The nation's top colleges are turning our kids into zombies.
July 23, 2014 12:34 PM Subscribe
It's hardly breaking news, but more and more people are questioning the race to the Ivy League that in some cases begins as early as preschool. And in addition to perpetuating the increasingly-rigid class structure in the US, the Ivy League colleges are inadvertently creating and admitting students who have no idea how to really take advantage of the resources available to them. So writes William Deresiewicz in his article, "Don't Send Your Kid to the Ivy League" from the New Republic:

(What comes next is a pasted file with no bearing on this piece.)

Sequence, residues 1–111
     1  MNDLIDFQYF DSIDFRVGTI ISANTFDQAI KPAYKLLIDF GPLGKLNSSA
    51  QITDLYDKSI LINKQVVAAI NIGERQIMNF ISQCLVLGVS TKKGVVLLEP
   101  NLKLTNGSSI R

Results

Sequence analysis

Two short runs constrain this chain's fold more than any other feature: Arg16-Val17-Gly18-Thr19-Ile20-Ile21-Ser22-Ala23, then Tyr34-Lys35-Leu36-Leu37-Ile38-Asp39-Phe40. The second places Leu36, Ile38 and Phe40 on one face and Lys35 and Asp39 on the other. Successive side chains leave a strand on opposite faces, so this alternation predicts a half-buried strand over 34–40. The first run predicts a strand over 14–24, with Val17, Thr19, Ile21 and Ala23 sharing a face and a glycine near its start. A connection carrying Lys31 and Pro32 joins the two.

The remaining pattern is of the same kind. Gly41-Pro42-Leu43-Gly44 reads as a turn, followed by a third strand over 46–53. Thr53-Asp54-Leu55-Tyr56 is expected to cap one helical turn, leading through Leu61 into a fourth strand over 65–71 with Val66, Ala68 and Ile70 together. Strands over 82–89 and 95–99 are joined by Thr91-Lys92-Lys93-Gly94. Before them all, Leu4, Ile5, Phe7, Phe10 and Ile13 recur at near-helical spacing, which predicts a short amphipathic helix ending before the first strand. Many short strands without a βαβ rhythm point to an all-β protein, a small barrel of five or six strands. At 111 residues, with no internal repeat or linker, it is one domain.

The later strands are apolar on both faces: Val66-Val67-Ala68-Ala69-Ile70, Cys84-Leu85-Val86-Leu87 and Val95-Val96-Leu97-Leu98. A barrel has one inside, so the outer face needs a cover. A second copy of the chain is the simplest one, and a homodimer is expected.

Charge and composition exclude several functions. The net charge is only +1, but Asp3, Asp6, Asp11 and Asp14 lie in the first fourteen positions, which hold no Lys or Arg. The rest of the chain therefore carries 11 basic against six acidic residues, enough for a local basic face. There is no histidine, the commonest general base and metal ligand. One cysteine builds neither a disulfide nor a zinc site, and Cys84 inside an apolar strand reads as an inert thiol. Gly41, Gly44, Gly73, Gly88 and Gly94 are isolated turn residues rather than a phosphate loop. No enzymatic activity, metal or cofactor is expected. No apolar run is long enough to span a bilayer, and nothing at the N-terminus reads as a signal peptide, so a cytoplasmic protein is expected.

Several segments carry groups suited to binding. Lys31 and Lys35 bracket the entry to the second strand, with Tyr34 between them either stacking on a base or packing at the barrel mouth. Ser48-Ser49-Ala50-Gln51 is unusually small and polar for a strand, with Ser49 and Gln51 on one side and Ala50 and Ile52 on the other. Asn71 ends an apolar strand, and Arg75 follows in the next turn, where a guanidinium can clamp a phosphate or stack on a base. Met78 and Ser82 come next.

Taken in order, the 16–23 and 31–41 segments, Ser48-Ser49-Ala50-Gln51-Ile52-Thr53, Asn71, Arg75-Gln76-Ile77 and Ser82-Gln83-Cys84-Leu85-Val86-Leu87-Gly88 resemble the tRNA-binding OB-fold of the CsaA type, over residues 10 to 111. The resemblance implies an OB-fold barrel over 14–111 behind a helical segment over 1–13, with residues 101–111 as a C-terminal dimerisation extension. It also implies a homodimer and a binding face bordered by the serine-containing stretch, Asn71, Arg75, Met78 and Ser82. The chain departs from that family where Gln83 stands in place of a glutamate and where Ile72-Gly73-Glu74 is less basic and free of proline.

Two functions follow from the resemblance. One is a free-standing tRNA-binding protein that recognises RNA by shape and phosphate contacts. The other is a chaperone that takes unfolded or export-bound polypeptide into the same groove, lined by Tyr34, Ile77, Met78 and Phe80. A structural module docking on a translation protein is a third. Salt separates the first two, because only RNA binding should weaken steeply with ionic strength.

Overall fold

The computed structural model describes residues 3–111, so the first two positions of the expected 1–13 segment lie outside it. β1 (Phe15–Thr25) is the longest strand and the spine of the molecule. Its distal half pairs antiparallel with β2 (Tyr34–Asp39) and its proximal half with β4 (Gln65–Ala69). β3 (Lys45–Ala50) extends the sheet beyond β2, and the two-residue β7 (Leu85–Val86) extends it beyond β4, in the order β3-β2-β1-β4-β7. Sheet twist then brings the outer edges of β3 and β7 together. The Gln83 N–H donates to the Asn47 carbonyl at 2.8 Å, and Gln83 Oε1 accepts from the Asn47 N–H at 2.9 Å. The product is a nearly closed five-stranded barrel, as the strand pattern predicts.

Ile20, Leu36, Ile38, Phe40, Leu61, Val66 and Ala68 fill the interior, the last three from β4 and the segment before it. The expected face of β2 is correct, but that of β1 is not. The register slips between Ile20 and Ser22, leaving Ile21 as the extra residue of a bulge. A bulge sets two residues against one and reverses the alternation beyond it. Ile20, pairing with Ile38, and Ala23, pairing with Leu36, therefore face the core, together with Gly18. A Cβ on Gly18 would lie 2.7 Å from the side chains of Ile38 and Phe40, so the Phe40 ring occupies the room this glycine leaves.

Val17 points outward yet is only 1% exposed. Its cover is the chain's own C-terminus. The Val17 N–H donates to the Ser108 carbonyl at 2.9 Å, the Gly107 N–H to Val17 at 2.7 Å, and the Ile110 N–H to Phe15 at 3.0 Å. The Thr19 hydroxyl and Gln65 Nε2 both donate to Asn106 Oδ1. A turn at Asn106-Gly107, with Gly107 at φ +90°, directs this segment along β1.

So extreme are the admission standards now that kids who manage to get into elite colleges have, by definition, never experienced anything but success. The prospect of not being successful terrifies them, disorients them. The cost of falling short, even temporarily, becomes not merely practical, but existential. The result is a violent aversion to risk. You have no margin for error, so you avoid the possibility that you will ever make an error. Once, a student at Pomona told me that she’d love to have a chance to think about the things she’s studying, only she doesn’t have the time. I asked her if she had ever considered not trying to get an A in every class. She looked at me as if I had made an indecent suggestion.See also Deresiewicz's earlier article, "The Disadvantages of an Elite Education" from American Scholar, previously discussed on the blue.
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